A Philosophy of Individual Rights and Responsibility

A truly free society is grounded in the idea of individual self-responsibility. One aspect of this is that self-responsibility is an essential ingredient for the nurturing of responsible individuals.

The famous nineteenth century economist and social philosopher, John Stuart Mill, once said that until a people were ready for freedom they could only hope to be ruled by a benevolent dictator. His contemporary, the British historian, Thomas Macaulay, replied that this reminded him of the fool in the story who said he would not go into the water until he knew how to swim.

Individuals are unlikely to learn self-responsibility, including thoughtful planning for their later years, if responsibility for such planning is totally or significantly shifted from the shoulders of the individual to that of the political paternalists. The very taxes that the government extracts from the population for their presumed “golden years” reduces the financial ability of those individuals to have the means and the motive to think ahead for themselves.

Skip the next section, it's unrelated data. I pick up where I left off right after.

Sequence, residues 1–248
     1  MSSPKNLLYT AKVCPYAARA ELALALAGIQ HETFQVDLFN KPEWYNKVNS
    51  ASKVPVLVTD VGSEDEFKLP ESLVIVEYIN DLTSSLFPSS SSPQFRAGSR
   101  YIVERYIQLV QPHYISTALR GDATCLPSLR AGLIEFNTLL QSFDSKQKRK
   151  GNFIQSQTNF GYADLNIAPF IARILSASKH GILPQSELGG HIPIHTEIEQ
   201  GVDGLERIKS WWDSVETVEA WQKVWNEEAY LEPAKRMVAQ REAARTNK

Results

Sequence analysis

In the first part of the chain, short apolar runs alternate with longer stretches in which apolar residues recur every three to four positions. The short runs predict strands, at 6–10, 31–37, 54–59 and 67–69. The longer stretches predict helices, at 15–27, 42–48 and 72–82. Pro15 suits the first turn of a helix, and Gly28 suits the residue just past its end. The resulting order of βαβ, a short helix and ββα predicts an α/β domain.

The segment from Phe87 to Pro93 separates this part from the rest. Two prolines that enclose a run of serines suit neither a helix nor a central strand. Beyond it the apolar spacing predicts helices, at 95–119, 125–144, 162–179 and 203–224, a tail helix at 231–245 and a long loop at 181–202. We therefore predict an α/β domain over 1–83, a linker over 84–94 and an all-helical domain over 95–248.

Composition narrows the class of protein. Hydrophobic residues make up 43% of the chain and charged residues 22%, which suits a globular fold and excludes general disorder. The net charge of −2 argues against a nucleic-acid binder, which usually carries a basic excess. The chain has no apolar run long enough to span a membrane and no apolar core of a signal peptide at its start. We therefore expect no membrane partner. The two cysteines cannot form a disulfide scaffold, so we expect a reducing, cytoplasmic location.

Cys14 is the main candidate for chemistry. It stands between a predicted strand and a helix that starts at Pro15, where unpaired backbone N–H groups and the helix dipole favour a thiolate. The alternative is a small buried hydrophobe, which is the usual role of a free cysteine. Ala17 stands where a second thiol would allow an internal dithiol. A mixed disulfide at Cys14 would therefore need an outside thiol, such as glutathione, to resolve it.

But what about those in society who may have failed to have had the means or mindset to sufficiently planned for their later years? In a free society no individual may ethically claim a right to another’s income; but the experience of the nineteenth and early twentieth centuries, especially in America and Great Britain, suggests that in societies in which people are allowed to keep that which they have honestly earned, out of their prosperity there emerges a strong and ethically respectable and responsible sense of benevolence and charity towards others in society that can be more than sufficient to assist those less well-off than others. (See my article, The Benevolence of Capitalism vs The Paternalism of the Welfare State.)